Netflix finishes (and starts)

I attended the Netflix prize ceremony this morning. The press conference part is covered fine elsewhere, with the basic outcome being that BellKor’s Pragmatic Chaos won over The Ensemble by 15-20 minutes, because they were tied in performance on the ultimate holdout set. I’m sure the individual participants will have many chances to speak about the solution. One of these is Bell at the NYAS ML symposium on Nov. 6.

Several additional details may interest ML people.

  1. The degree of overfitting exhibited by the difference in performance on the leaderboard test set and the ultimate hold out set was small, but determining at .02 to .03%.
  2. A tie was possible, because the rules cut off measurements below the fourth digit based on significance concerns. In actuality, of course, the scores do differ before rounding, but everyone I spoke to claimed not to know how. The complete dataset has been released on UCI, so each team could compute their own score to whatever accuracy desired.
  3. I was impressed by the slick systematic uses of SVD mentioned in the technical presentation, as implied by the first comment here.
  4. The amount of programming and time which went into this contest was pretty shocking. I was particularly impressed with the amount of effort that went into various techniques for blending results from different systems. In this respect, the lack of release of the source code is a little bit disappointing.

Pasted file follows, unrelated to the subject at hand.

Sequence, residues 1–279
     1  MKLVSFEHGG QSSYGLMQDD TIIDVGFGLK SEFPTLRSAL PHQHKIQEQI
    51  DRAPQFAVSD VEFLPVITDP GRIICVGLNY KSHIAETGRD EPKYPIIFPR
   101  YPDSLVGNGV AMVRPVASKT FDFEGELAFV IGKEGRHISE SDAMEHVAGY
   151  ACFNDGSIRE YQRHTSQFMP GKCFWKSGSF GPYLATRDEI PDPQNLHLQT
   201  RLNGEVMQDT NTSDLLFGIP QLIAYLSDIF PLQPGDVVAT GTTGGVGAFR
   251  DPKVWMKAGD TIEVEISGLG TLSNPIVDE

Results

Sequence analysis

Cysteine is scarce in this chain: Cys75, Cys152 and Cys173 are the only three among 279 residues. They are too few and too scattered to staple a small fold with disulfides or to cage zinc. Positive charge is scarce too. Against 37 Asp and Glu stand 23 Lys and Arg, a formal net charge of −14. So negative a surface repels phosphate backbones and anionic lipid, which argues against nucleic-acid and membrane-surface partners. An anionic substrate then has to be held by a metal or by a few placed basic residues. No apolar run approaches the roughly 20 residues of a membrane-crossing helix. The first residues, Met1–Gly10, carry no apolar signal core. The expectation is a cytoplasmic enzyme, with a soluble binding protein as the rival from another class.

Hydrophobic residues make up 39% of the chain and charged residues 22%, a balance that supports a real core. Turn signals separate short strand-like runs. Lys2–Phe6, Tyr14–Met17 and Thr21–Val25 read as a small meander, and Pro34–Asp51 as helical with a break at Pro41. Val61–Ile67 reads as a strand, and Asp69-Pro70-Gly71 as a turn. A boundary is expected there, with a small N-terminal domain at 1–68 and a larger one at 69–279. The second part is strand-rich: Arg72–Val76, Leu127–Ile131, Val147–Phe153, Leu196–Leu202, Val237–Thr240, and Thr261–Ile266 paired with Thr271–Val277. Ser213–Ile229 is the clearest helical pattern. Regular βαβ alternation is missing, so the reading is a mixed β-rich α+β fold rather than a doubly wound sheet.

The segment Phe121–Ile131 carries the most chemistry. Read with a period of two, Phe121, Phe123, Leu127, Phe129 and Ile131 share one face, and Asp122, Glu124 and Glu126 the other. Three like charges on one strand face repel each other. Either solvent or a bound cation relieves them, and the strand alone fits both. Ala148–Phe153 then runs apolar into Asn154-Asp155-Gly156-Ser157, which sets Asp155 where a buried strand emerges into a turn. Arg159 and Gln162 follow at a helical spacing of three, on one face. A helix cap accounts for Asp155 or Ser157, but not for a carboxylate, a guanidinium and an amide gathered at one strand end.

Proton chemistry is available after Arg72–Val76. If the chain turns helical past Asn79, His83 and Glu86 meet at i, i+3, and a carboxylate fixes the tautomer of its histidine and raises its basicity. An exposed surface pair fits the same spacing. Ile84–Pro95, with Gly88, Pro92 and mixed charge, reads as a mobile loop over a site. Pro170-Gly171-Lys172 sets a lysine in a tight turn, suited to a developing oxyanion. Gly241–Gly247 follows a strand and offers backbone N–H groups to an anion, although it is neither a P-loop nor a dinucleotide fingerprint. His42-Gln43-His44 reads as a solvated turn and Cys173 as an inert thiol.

5. I forgot to ask explicitly, but no one mentioned using any joins of the data to external databases. That’s somewhat surprising if you think about it given how much other information is available about movies.
  6. I hadn’t previously convexity functioning as a tool for social engineering so explicitly. Because squared loss is convex, any two different solutions of similar performance can be linearly blended to yield a mixed solution of superior performance. The implications of this observation were on display.

Netflix also announced a plan for a new contest, which will focus on using features of users, and predicting well for the (presumably large number of) users who rate very few movies. I hope they get the anonymization on this data right, as it’s obviously important.

This brings up a basic issue: How should a contest be designed? In the main, the finished Netflix contest seems to have been well designed. For example, the double holdout set approach nicely prevents overfitting, which has been a bugaboo of some previous contests. One improvement they are already implementing is asymptopia removal—the contest will award $0.5M in 6 months, and $0.5M more in 18 months. Nevertheless, we might imagine better contests, and perhaps it’s worthwhile to do so given the amount of attention devoted.